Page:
By 15 the game-world(s) should also all be open to you now, meaning you’re now in charge of your own fate. Of course the story and endgame content continues to deliver for higher levels, and then there’s the raid but as a lite MMO, Destiny finally feels like a certifiable investment when you’re properly in your teens. I managed to practically solo my way to this level, which is a pretty good indication of the split between co-op requirement and couched-up single-player investment. That deliberation I talked about earlier, this is where it becomes important, because the game does a wonderful job sucking you in through its sheer scale, its gorgeous art-direction and design and its visceral combat. And as the challenge scales while you’re being pulled into this ambitious world, the chief requirement to actively seek out people for a Fireteam starts to flicker and before you know it, you’ve become a Destiny social butterfly.
The social aspect of the game is perhaps a bit muted though, but in my time during the beta and post-release across both PS4 and Xbox One I’ve had nothing but good experiences. It’s a difficult game to troll in, and there’s a greater emphasis on getting the job done in Destiny because the challenge can be pretty unforgiving when you’re doing top-end Strikes and the like (better off played in an invited party for chat purposes). Getting in and out of games with friends and strangers is ridiculously easy, allowing you to cater the experience to what you’re feeling is the right approach at that point in time.
I also feel that it has a solid element of pick-up-and-play where bite-sized chunks of gameplay are concerned. It’s the sort of game you can come home from work or school and just jump into for an hour or two, without losing your place or feeling lost in the world and narrative. That isn’t a comment on its ‘apparent’ lack of finer detail, rather a point about the pacing of missions and combat and how digestible everything is. Though at higher levels your required time in certain aspects can surpass an hour or two, but more on this shortly.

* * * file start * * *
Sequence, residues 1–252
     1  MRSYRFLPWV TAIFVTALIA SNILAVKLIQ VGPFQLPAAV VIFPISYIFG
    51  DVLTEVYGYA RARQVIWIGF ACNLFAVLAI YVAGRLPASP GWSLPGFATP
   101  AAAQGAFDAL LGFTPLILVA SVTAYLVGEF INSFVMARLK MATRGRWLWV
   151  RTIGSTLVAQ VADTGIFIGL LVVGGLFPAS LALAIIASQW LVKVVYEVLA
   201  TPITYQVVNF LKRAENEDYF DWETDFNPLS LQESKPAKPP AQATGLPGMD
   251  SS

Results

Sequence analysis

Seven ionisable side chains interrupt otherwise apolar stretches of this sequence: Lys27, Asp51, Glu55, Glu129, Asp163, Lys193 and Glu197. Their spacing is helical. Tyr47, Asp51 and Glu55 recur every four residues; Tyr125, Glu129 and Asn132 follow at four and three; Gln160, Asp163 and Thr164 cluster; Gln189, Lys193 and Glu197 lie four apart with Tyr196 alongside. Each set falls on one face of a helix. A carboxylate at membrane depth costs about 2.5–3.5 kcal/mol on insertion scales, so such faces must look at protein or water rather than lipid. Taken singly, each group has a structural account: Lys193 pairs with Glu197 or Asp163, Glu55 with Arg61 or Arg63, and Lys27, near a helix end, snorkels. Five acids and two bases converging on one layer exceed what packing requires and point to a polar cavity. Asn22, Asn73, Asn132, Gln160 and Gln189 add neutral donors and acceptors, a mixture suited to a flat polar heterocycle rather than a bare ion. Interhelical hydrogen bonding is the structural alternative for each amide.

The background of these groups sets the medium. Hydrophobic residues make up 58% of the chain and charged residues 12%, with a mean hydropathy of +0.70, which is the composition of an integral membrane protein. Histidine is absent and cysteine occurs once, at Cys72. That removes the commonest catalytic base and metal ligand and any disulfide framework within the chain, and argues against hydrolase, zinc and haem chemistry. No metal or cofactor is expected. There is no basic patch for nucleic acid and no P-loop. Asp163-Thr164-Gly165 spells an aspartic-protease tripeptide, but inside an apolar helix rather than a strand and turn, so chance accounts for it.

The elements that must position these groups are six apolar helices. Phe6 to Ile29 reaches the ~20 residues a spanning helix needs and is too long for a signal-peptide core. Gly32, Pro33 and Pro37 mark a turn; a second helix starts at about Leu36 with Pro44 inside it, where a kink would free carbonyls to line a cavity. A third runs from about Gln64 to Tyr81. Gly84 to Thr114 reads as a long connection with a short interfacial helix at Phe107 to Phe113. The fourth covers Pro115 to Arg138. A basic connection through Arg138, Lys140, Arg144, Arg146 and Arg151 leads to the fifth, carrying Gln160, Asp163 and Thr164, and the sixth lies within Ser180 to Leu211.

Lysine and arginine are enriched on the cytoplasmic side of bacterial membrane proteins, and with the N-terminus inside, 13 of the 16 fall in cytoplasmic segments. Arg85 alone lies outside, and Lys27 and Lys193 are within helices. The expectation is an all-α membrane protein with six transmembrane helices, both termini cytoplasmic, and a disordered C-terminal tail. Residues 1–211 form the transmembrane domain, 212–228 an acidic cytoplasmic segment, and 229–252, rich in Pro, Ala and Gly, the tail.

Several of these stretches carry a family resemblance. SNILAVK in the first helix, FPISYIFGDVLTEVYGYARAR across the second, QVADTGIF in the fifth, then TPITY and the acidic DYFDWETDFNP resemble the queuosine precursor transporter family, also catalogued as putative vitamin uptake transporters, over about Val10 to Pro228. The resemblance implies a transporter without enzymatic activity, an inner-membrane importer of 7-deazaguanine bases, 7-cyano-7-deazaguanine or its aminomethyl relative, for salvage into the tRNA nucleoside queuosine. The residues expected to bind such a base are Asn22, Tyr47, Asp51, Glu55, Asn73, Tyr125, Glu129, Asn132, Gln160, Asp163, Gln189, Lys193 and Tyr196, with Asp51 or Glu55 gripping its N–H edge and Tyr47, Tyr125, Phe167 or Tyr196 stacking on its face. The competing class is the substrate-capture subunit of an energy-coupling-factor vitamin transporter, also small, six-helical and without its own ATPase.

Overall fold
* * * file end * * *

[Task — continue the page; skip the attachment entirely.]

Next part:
I’ve alluded a bit to it in the latter part of this review’s opening, but Destiny’s most compelling element is its combat. AI is the usual Bungie affair of smart and challenging, where they’re tactics and tenacity can often take you off guard. And enemy types are varied enough throughout the playspace that it doesn’t (currently) feel like too much of a grind. Player movement is also pretty neat and if you can master the double (and eventual triple) jump mechanic with sprint and slide, you can start to really show off and play the game the way it was intended. However, there are a few glaring omissions from conflict where missions are concerned that might have propelled the combat and tactical component of the game to new heights, and they’re just a small part of a lot of problems.
Most missions and encounters follow a very familiar path: find destination, deploy Ghost. Ghost hacks thing, enemies come in swarms, Ghost finishes. Move on. Rinse, repeat.